As he becomes conscious of his behavior and how it impacts those around him he has been experimenting.  He says, “Mom, I like you.” Then I tell him I love him too. Then he says, “Mom, I don’t like you.” I tell him that makes me so sad.  Then he repeats, “Mom, I like you.” He loves to see that he can manipulate my emotions. He learns that what he says impacts me. His behavior has consequences.  He is becoming conscious. He is also learning the most important lesson of all, that I will always love him no matter what choices he makes. His choices will impact me, but not the love that I have for him which will remain constant.

Mother’s love is like that.  Constant, dependable, and unconditional.  And vital. So vital. That is why last night when my temp was 100.1, I was afraid.  They are cremating 10,000 bodies per day in China right now, dealing with the tragic fallout from this global disaster.  They are carting bodies away in tractor trailers from New York City. Mothers are dying every day and leaving their children without a mother’s love.

Sixty six years ago in 1954 a woman lay dying.  Her seven children, her husband, her ward and stake family, and all her friends prayed and fasted that she would make a full recovery, but day by day she didn’t recover.  She died on April 8th, a little more than a month before her 41st birthday. Her son, my father, was six years old.

I have her name.  Eva. I was born on her birthday, and this May 24th, I will be 41 years old.  If I live past April 8th, I will have lived to be older than my namesake. If I have the coronavirus, and I die, I would leave my four boys, just as Eva left her little children, with no mother.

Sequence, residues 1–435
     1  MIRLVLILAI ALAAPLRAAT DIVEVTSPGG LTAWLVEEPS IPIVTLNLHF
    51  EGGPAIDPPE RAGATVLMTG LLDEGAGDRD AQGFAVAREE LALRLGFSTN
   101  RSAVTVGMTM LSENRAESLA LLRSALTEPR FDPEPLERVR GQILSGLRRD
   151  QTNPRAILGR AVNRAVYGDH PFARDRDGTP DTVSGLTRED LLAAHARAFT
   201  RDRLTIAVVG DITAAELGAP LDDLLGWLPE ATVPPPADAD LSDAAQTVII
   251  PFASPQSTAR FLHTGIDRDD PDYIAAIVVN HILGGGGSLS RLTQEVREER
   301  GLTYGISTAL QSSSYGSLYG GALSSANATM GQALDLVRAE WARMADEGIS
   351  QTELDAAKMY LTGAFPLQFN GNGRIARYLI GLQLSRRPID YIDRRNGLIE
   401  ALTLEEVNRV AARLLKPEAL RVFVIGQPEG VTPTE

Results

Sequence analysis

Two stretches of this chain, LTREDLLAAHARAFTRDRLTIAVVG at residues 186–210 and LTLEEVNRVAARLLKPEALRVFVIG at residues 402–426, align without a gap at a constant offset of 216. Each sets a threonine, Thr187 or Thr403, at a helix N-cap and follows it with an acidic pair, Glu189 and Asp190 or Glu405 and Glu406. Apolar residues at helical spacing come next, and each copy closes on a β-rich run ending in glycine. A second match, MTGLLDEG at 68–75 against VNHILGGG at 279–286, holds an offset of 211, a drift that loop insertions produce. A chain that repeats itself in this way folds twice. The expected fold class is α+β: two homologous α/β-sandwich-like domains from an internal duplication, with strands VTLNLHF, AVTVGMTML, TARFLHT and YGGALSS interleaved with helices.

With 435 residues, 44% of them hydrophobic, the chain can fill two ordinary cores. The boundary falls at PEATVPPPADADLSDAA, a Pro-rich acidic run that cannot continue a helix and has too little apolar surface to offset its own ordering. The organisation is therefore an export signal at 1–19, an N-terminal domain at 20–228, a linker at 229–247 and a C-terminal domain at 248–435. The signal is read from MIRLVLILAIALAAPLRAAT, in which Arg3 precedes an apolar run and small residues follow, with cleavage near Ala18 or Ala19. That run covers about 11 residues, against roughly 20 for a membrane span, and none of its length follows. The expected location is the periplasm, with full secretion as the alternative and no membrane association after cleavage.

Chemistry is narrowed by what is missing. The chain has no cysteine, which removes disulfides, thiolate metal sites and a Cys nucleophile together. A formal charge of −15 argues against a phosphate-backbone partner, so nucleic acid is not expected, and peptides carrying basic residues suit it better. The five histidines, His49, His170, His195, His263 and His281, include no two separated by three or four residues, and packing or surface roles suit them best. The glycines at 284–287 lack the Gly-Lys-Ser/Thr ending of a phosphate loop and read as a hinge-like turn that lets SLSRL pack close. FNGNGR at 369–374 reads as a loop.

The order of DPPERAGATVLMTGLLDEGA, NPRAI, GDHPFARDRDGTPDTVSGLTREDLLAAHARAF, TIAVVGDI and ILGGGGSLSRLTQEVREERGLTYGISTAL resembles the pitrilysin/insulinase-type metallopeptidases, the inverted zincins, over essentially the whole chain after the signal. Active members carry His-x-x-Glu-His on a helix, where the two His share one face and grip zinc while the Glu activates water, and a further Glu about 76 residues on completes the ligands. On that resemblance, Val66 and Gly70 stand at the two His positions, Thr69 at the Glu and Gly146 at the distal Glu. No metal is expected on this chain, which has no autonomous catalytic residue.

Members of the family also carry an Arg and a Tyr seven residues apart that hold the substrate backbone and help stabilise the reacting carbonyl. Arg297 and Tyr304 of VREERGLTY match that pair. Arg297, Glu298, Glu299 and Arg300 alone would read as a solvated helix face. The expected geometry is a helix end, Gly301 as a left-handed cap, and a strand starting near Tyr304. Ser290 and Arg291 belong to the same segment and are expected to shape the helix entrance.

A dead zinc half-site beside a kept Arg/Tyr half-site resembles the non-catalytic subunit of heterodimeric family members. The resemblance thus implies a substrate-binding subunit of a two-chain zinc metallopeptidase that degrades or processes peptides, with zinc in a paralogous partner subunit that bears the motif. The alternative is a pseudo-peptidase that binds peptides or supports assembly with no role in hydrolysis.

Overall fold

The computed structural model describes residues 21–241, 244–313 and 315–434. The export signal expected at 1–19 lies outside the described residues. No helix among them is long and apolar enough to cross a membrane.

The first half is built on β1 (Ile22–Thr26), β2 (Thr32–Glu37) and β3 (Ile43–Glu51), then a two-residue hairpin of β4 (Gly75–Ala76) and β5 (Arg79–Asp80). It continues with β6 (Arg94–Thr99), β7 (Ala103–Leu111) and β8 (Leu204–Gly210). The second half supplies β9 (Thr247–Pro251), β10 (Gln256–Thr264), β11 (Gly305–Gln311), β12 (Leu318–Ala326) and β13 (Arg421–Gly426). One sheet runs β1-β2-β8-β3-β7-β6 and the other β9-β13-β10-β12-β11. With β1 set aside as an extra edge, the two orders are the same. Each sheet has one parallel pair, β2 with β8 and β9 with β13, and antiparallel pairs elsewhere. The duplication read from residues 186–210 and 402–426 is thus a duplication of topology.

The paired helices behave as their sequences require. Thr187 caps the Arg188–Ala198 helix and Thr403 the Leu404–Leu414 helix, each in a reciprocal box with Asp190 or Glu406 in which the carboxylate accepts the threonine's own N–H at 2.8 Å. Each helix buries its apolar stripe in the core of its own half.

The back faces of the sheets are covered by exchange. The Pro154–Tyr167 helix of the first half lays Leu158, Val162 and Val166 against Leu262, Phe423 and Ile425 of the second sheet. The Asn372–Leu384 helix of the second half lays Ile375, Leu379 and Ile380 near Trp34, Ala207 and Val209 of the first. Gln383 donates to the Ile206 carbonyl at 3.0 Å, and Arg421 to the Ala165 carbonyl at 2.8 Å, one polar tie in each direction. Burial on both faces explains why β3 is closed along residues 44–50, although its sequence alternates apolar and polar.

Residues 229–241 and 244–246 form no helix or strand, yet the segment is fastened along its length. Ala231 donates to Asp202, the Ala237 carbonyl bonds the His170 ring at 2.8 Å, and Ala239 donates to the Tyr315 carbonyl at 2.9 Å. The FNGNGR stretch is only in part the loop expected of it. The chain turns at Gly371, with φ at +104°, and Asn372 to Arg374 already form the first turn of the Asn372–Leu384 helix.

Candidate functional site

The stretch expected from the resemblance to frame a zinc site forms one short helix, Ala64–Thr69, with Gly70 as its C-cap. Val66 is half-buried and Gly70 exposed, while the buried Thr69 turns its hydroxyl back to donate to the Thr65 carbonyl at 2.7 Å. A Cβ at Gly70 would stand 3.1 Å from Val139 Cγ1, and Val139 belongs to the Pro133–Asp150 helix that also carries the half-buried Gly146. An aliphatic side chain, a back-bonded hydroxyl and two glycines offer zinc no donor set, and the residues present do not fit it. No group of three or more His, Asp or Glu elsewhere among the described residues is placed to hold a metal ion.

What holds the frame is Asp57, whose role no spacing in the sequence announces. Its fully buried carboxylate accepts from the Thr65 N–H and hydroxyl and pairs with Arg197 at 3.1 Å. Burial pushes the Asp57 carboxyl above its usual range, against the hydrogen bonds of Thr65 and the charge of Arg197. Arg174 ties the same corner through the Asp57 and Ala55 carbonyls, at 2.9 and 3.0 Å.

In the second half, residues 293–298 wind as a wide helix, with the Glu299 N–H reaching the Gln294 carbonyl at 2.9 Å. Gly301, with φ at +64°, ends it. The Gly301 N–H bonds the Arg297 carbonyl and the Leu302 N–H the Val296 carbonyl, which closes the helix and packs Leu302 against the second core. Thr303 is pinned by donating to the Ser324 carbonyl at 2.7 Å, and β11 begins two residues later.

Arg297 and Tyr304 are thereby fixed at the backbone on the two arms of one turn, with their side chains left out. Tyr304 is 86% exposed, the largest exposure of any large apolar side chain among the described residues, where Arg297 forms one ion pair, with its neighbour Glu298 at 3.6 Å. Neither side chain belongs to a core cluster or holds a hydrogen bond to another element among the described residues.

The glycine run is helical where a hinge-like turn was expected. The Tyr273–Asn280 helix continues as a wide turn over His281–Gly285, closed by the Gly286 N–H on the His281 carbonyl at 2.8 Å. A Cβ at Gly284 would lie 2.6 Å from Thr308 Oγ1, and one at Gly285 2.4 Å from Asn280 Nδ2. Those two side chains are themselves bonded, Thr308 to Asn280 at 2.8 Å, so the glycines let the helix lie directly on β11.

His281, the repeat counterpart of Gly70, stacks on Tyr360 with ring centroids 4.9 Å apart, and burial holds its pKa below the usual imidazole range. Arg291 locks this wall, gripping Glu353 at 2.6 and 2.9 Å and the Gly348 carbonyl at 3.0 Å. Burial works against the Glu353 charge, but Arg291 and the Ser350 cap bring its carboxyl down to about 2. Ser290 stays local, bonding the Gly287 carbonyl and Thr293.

This morning I lay in bed late into the morning snuggling with my four year old. I know that if I do have the coronavirus that those snuggles should not happen, but they did and I’m not sorry. As we looked out the window, we saw two cardinals flying in the backyard trees. Two squirrels chased one another up the trunk of one tree, startling the birds, but still they stayed, poking around for worms and insects maybe to take back to their nest of babies.

This is my four year old looking out the window at the cardinal. If you look carefully, you can see him in the grass by the fence on the right hand side of the image.

Tears ran down my cheeks as I thought of how fragile life is and that perfect and precious moments need to be treasured and remembered and written down. They are God’s sweet tender mercies, his gifts to us as we face the tragedy and heartache of a fallen world.

If I die young, as Eva did, I want my children to know that every day for the rest of their lives, I will be there watching over them.  I will pray to the Lord for them day and night. I hope that there will be family and friends who will love and nurture them when I can’t.  I have faith in the plan of a merciful God who sees what I don’t understand and who will turn our trials and suffering to our blessing.

I pray today for all the children whose mother’s died too early, leaving gaping psychological wounds that last a lifetime. If I live to see the end of this epidemic, I hope that I can be more mindful of those who have lost their mothers. Especially boys. Boys need their mothers.